Army Service Corps to 16th Royal Scots - Thomas Renner



Army Service Corps to 16th Royal Scots - Thomas Renner


Thomas William Renner


Cap/ hat (tammy shanter); bible. 2x absent voters list; 2x photos (in ATC) service record; medal list; medical/ discharge record + weekly casualty list; portrait commander diary (psases = RE: battle injured in)


Several years ago my Grandad, George Renner gifted to me, his father Thomas William Renner's First World War Royal Scots tam o' shanter, 2 picture postcards, a painting and his New Testament Bible. Having never even known about my Great Grandad's WW1 service I was fascinated and begun to research everything I could about him.

I discovered that Thomas was born 1892, near Alnwick in Northumberland and was living at Chillingham near Wooler at the outbreak of War on his father, Thomas James Renner’s farm. He was 1 of 4 brothers and 3 sisters and was part of a large farming family. He enlisted on the 21st Aug 1915 into the Territorial Force 3/1st Northumbrian Divisional Train as a Driver with service no. T/2250 and was later transferred to the regular Army Service Corp (A.S.C), 663 Coy, No. 1 Horse Transport Depot, Park Royal in July 1916 with a new service no. of T/4/210470.

He was later "combed out" and transferred to the infantry, and having initially been due to join the 12th Royal Scots, was instead transferred to the 16th Royal Scots in Sept 1917 after they had suffered high casualties inflicted at recent action at Hargincourt. He served with them until been wounded in the Spring Offensive in Apr 1918, with the 16th Royal Scots suffering 13 out of 17 officers and 554 out of 785 Other Ranks as casualties between the 9th and 19th of April 1918.

He was transferred back home for recovery and my Grandad believes to a hospital near Dundee. He was discharged on the 22 Feb 1919 and from the Silver War Badge Roll, badge no. B325461, he was discharged under Kings Regulations 392 (xvi)a - (Wounds) he was 26 years old.

The tam o’ shanter has his 16th Royal Scots service no. "49109" stamped on the inside and the front page of his Bible reads "T Renner, Royal Scots". This Bible was a gift from the National Bible Society of Scotland who issued them to Scottish troops or in this case an Englishman serving with Scottish troops.

The painting of him in his T.F. /A.S.C. uniform is taken from one of the two photograph postcards. The original photo was taken at J H Bayley Studio in Ripon and shows him as a Driver with bandolier, riding crop and spurs. Unfortunately no pictures remain of him in his Royal Scots uniform.

His 3 older sisters, the oldest Isabella would later marry Thomas John Nicholson Faill and Annie would later marry Christopher Hewetson who both served during the War. Margaret never married having lost her "Sweetheart and the only person she would ever marry" during the War.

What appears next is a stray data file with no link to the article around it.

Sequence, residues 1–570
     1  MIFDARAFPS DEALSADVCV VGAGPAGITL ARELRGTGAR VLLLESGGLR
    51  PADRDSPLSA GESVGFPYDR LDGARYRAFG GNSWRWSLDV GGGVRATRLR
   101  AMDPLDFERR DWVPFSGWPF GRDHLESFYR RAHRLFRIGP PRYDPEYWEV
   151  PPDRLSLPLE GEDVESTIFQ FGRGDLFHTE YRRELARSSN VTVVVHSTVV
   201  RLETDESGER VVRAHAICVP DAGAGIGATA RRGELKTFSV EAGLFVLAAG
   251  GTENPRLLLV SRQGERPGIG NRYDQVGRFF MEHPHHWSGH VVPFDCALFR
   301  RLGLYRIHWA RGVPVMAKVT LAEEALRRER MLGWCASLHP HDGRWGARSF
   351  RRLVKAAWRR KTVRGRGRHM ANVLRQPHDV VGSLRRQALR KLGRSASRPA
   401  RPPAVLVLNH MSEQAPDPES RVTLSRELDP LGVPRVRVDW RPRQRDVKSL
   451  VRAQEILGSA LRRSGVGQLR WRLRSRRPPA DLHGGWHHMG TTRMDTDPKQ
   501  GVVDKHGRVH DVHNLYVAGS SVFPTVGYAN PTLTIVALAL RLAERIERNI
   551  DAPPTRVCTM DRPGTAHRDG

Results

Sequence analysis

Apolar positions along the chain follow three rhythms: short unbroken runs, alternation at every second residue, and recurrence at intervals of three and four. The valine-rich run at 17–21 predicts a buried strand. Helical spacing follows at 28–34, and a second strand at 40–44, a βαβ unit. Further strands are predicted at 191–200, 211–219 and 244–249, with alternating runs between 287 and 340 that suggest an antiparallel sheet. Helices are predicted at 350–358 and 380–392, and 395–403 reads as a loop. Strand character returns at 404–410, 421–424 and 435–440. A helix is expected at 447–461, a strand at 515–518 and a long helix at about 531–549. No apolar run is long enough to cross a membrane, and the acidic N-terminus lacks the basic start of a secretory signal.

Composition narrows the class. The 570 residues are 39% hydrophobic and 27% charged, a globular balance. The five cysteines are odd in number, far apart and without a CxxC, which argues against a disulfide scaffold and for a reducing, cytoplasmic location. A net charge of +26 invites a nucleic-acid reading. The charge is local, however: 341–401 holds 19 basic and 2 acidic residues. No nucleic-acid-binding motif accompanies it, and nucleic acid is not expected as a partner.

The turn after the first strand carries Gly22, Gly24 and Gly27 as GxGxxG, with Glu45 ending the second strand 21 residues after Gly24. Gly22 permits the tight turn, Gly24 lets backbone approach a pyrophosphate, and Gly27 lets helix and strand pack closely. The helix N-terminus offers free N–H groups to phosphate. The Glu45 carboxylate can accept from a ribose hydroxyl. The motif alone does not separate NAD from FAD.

His younger brother David attested in late 1915 under the Derby Scheme and served at home for the duration of the War until late 1919 with the A.S.C. M.T, working on traction engines. After the War, Thomas and David travelled around the local farms, working for a contractor in Wooler, with a traction engine and threshing machine, perhaps due to David’s experience gained whilst working on traction engines whilst based at Aldershot with the A.S.C. The family remained working on several farms and David would later become Thomas's Best Man when he married in 1924 to Georgina Waugh.

My Grandad and Judith, daughter of David, remember Thomas who suffered a limp throughout his life due to the injury he received during WW1 and who lost a son David in 1935 and his wife Georgina in 1945, who both died from Tuberculosis, as a quiet but helpful and friendly man. Sadly he died in 1967 and is buried at Chatton in Northumberland.

I never got to meet any of the people mentioned above as they had all passed before I was born, but I am grateful for my Late Grandad for passing on his Fathers items to me as they may have been lost along with his story. This begun my interest in Family History and I now spend most of my free time researching and sharing with my family further information on our family tree. I am now pleased that they will be forever remembered thanks to the organisers and volunteers who have recorded and digitised the items and stories for the Lest We Forget Project.






Garry Renner - Great Grandson

Collection Day

South West Roadshow, Plymouth

This item was submitted on June 18, 2019